Cardiac fibromas are rare benign tumors usually seen in the pediatric population. Generally, long-term survival after surgical resection is favorable, and recurrence of fibroma has been hardly reported. Herein, we report a case of a 34-year-old woman who presented with ventricular tachycardia 21 years after resection of a cardiac fibroma and was found to have a recurrent giant cardiac fibroma. We performed a complete resection of the recurrent fibroma. At the 2-year follow-up, she remains asymptomatic with no evidence of ventricular tachycardia or recurrence of fibroma.
Cardiac fibromas are rare benign tumors predominantly seen in the pediatric population . Patients can be asymptomatic or present with palpitations, cardiac murmur, syncope, arrhythmias, symptoms of congestive heart failure, or sudden death. The clinical presentation depends on tumor location and size [2–5].
Because cardiac fibromas rarely regress spontaneously , surgical resection should be considered in symptomatic cases. If possible, complete resection is usually recommended; otherwise, partial resection, heart transplantation, or conservative management is also advocated . Generally, long-term survival after surgical resection is favorable and recurrence has been scarcely reported [3, 5, 6]. In this report, we describe a case of successful resection of a recurrent giant fibroma. To the best of our knowledge, this is the first report of successful surgical treatment of a recurrent cardiac fibroma.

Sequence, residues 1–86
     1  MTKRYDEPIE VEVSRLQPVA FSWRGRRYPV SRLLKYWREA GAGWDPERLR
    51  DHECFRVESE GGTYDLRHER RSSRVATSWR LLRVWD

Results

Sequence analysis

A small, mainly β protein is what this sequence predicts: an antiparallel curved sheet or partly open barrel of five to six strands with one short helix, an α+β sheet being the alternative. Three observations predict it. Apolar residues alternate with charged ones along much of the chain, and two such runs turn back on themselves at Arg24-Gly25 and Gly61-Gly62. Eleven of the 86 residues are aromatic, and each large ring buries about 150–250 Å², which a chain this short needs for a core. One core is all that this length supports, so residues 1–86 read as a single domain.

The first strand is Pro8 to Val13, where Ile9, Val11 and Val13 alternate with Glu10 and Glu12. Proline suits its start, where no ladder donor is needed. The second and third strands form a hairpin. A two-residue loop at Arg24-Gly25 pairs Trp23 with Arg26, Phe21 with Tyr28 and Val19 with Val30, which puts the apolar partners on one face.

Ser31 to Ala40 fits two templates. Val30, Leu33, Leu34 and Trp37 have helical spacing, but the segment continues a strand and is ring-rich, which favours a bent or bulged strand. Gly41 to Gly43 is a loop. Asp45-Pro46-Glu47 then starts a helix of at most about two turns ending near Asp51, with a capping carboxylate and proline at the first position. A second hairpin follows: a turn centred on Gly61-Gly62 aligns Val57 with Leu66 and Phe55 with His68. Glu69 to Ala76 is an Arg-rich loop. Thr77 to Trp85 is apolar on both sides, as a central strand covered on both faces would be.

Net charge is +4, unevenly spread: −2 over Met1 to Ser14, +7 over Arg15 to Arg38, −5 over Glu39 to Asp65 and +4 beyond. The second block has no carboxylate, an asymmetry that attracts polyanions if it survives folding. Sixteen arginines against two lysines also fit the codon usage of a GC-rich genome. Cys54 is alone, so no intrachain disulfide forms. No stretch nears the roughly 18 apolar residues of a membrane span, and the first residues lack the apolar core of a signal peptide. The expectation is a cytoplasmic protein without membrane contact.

A 34-year-old woman complained of palpitations and consulted a doctor. She had a history of resection of a right ventricular (RV) fibroma 21 years ago at another hospital. At the initial operation, complete resection was impossible because of its difficulty. Five years after the operation, follow-up was ceased because she did not have any cardiac symptoms.
When she was referred to our center, electrocardiography showed sustained ventricular tachycardia (VT) (Fig. 1), which was well suppressed with oral amiodarone. Transthoracic echocardiography showed a giant mass (80 × 80 × 60 mm) located in the intraventricular septum (IVS) (Fig. 2) and the posterior wall of the left ventricle (LV). General ventricular wall motion was good (LV ejection fraction of 60%). Tricuspid regurgitation (TR) and mitral regurgitation (MR) were trivial. Enhanced cardiac computed tomography scan revealed that the mass contained calcification and was poorly enhanced. Cardiac magnetic resonance imaging showed that the mass oppressed the LV cavity with low tumor signal on the T2-weighted image (Fig. 3). Positron emission tomography with fluorine-18 fluorodeoxyglucose showed no abnormal uptake within the tumor. These findings strongly suggested the diagnosis of recurrent fibroma. The tumor was huge, oppressing the LV cavity, and was regarded to be the cause of VT. Therefore, we arranged surgical resection.